The phenomenal evolution of telecommunications now makes cloud technology accessible everywhere. An apparel executive can now see whether they are at the sewing stage of a manufacturing cycle or at that the goods are already in transit and where it is in the world. Since supply chain and logistic analysts of a brand can now track in real time every step of a supply chain, informed decisions and forecasts for capacity management and contingency planning have become easier. All these lead to a much streamlined industry.


If there is any sector that has been totally transformed - or is in the process of being transformed - by cloud computing, it is logistics and supply chain management. In many ways, the cloud concept itself was tailor-made for this industry because of its global scope and involvement of stakeholders.


The cloud allows data from many sources to be centrally collected, transformed, and presented in dynamic dashboards. Therefore, by taking recourse to the cloud, supply chain and logistic analysts can track in real time every step of a supply chain. This results in informed decisions and forecasts for capacity management and contingency planning. Since cloud platforms for logistics are far more dynamic and responsive compared to earlier supply chain and logistics tracking tools, the cloud has been a heaven-sent gift for the logistics and supply chain industry.


It's a given that supply chain finance benefits both buyers and suppliers. But, the mechanism is most effective when all three - buyer, supplier and financial institution - are connected on a single network that manages the complete transaction lifecycle from purchase order, through shipment, invoice and settlement of the invoice. That's the shape of things to come.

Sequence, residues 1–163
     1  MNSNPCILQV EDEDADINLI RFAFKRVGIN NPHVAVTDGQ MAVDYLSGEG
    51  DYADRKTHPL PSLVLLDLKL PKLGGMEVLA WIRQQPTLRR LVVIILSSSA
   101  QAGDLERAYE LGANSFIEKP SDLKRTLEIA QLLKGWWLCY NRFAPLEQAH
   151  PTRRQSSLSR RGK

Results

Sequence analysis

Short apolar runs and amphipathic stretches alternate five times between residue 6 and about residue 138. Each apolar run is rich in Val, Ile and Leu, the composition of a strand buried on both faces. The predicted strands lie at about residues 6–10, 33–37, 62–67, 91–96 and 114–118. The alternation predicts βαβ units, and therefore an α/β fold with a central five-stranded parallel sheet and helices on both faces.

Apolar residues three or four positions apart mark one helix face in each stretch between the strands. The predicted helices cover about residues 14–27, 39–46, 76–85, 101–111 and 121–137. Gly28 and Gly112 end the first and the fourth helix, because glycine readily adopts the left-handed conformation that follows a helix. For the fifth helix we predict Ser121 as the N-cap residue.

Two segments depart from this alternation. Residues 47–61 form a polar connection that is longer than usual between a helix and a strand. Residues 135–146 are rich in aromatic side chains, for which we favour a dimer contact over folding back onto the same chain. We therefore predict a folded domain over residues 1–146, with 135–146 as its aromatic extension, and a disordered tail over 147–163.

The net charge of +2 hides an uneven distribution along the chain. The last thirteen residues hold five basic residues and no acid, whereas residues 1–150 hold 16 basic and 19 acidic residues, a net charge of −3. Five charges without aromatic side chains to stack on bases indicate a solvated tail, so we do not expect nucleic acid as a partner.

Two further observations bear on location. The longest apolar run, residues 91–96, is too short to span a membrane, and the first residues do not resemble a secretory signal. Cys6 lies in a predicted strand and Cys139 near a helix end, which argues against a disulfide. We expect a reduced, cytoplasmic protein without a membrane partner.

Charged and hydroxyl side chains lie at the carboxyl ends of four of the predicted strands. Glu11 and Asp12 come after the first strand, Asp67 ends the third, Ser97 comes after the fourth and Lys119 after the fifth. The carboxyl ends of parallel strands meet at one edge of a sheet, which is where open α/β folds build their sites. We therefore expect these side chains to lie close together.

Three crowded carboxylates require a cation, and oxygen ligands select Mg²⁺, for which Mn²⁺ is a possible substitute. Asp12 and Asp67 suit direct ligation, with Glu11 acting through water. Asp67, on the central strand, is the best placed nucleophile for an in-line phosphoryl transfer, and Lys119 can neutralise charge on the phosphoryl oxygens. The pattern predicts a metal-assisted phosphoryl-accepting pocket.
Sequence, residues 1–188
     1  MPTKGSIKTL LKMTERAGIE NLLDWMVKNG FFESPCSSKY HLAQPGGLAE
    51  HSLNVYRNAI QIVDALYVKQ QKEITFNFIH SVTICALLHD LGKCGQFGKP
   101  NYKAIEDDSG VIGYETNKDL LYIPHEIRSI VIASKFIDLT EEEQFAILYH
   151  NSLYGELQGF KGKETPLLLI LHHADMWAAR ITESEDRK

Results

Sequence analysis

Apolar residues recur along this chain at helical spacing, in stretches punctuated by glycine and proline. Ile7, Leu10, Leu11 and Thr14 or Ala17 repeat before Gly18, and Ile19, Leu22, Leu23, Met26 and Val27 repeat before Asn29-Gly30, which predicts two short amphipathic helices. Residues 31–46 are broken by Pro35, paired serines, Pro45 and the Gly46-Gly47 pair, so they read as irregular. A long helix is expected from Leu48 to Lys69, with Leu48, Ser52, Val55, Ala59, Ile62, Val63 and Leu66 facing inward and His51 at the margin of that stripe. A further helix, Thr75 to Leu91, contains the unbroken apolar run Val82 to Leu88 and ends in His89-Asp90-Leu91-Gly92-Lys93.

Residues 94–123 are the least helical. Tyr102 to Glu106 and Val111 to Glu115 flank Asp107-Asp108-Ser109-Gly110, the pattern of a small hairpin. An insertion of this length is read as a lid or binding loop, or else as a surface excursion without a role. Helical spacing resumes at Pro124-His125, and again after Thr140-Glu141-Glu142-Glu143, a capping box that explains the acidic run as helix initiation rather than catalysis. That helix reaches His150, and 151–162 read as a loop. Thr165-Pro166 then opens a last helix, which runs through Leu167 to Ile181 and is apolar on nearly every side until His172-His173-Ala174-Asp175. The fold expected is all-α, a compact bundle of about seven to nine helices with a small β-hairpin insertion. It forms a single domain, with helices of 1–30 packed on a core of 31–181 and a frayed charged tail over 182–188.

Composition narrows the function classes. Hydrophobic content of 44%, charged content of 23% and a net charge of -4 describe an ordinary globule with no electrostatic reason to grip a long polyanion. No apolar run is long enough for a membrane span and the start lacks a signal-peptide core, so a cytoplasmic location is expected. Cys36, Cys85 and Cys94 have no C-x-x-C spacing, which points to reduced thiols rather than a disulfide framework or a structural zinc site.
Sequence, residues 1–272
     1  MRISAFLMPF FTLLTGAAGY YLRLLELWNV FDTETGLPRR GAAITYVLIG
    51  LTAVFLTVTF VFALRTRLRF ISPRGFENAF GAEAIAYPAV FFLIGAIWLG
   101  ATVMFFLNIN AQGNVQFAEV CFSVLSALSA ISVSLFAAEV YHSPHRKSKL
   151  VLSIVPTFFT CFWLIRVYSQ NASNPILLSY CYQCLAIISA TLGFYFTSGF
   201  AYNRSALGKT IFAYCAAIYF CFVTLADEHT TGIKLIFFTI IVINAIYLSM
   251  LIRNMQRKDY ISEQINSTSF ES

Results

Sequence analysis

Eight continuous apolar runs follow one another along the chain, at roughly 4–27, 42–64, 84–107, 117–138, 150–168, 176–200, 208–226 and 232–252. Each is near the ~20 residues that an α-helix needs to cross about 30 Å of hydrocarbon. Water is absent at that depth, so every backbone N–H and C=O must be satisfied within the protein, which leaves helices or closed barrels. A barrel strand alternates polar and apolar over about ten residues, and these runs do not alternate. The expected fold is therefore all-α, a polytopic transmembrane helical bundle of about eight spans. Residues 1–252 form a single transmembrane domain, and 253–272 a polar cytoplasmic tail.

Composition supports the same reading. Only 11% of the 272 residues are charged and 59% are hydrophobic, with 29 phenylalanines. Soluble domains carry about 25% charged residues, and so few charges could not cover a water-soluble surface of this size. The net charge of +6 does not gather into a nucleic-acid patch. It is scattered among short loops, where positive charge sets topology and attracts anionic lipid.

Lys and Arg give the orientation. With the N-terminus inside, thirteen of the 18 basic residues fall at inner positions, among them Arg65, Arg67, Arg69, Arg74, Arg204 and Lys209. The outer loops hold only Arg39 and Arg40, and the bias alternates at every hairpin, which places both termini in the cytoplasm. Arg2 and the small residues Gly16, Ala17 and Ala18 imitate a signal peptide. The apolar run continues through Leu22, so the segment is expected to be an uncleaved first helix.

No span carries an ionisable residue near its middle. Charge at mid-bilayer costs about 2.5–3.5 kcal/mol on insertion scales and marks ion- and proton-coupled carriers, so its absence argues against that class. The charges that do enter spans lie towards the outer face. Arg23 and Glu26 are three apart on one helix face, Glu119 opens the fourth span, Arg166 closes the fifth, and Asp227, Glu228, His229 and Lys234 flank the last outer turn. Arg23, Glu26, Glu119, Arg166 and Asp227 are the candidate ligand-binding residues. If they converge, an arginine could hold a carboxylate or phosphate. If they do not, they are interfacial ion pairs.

And, of course, this makes life easier for one and all. Heidi Benko, vice president - Product Management at GT Nexus, makes this easier to understand. She says, "Capital is essential to the health of any supply chain. When it dries up, business comes to a halt. Linking all parties together and inserting financial services based on data visibility or the financial strength of the buyer or, in this case the performance on the platform makes it easier for funds to be delivered into the transaction, more frequently and at lower rates."


Therefore, connectivity also becomes the foundation for collaboration beyond just financing. It opens the door to supply planning and raw materials management. It simplifies amendment processes. It leads to work in process (WIP) tracking and factory automation. Continues Benko, "All of these processes - when linked together by an underlying platform - allow data to become a competitive weapon for better execution in the supply chain. Unlike other platforms, finance providers are party to the transaction, having full visibility to the transaction lifecycle and to supplier performance history. This helps finance providers mitigate risks, creating the ability to fund greater volumes and at competitive rates. It enables finance providers to offer programmes such as PO Financing and to create innovative financing programmes that are not available without a comprehensive supply chain cloud platform and network like GT Nexus."


Benko's company, GT Nexus, is the developer and operator of one of the world's largest cloud supply chain platform of its kind. It is virtually a community of manufacturers, retailers, logistics service providers, carriers, trading partners, and banks working towards improving the pace, ease, and flexibility of doing business globally.